The auditors reported that the missionaries had exhausted the funds for defraying expenses over activities, for example, (1) setting up schools and hostels; (2) supply of reading-writing materials, food and dresses; (3) establishing primary heath centres; (4) public works like construction of rural roads in tribal villages; (5) digging ponds for water supply and the like. The report did not specify any funds either earmarked or used as monetary allurement to tribals for embracing Christianity though the Parliament question sought information precisely on it. Absence of hard and unchallengeable proof is bound to ridicule and pooh-pooh such an allegation as a figment of imagination.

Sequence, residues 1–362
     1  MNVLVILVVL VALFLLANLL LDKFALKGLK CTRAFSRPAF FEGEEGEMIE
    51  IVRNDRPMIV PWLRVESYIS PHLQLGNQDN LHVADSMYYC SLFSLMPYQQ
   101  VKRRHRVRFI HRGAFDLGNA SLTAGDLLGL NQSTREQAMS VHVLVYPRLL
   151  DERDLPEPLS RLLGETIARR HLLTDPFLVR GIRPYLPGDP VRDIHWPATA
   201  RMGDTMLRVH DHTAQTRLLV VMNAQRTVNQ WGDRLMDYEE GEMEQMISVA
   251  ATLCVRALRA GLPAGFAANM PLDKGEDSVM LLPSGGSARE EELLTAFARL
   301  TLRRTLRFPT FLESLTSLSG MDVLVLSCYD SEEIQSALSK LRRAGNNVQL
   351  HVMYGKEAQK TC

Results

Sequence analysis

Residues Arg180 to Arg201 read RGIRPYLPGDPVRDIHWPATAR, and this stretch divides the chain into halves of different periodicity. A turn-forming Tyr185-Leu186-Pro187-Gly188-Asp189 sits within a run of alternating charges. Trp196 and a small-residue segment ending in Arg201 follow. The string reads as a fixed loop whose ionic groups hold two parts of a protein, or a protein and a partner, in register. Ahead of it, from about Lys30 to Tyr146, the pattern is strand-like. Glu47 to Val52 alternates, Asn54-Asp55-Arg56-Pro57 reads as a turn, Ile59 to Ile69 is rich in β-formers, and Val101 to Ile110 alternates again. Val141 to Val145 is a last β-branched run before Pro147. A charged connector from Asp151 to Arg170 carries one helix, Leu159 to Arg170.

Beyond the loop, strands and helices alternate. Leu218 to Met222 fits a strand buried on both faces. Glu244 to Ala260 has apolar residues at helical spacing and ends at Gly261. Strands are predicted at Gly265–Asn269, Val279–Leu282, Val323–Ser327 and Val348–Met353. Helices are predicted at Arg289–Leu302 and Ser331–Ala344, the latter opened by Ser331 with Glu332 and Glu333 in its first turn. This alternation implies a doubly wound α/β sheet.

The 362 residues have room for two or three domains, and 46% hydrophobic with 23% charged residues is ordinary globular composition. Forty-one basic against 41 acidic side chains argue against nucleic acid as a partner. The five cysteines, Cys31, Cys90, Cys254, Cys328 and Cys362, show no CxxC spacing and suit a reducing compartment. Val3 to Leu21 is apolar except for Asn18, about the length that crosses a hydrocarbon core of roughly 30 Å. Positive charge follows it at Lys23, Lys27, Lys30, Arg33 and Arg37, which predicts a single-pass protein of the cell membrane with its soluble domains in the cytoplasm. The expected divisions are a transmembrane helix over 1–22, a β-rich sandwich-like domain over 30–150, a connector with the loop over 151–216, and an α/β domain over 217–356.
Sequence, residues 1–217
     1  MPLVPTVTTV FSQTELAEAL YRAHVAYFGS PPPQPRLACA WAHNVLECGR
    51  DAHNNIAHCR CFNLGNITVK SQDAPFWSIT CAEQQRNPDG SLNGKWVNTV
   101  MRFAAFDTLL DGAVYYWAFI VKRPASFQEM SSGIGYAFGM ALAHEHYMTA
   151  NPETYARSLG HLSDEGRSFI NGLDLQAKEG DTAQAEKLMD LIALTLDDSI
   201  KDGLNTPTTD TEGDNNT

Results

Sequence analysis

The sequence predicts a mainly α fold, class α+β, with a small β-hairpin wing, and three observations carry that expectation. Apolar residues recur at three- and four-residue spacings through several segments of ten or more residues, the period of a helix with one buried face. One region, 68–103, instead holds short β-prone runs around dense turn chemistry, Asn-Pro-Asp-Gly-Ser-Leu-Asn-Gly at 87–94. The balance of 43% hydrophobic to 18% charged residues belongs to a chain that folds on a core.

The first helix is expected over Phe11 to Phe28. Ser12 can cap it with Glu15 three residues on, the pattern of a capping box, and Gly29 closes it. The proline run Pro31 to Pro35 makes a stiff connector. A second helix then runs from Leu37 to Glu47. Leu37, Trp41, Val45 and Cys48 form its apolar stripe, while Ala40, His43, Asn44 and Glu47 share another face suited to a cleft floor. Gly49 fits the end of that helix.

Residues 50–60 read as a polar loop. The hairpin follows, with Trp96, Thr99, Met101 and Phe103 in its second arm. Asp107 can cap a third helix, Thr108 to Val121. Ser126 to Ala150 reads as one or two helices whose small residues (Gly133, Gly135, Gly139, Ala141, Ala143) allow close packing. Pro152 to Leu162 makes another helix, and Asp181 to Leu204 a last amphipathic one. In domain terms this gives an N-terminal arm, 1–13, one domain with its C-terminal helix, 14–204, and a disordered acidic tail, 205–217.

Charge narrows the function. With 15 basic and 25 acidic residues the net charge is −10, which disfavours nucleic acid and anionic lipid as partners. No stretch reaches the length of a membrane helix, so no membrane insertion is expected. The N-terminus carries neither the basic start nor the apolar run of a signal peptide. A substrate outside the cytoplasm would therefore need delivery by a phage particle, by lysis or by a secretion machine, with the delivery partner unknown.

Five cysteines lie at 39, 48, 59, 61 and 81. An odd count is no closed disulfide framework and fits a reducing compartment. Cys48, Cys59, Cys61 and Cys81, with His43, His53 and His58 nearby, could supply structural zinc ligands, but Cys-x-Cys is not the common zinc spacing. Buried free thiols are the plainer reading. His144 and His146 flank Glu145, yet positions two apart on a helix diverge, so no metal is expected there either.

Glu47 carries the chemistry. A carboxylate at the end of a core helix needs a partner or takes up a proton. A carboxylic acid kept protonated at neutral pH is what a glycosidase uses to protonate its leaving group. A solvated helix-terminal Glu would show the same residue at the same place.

After examining the police report along with the audit report with the seriousness it merited, I raised a simple question: “Which part of foreign funds has been offered as allurement to the tribals for converting to Christianity?” This simple and inescapable question was not raised at any level from the police station to the Police Headquarters and even in my own Department of Home (Special). Inducement for religious conversion in India is unlawful while voluntary conversion is not illegal. The audit report did not find any role of money utilised as allurement for religious conversion. Neither did the police point any accusing finger. Nevertheless, they concluded that conversion of tribals in Singhbhum was the result of monetary inducements,.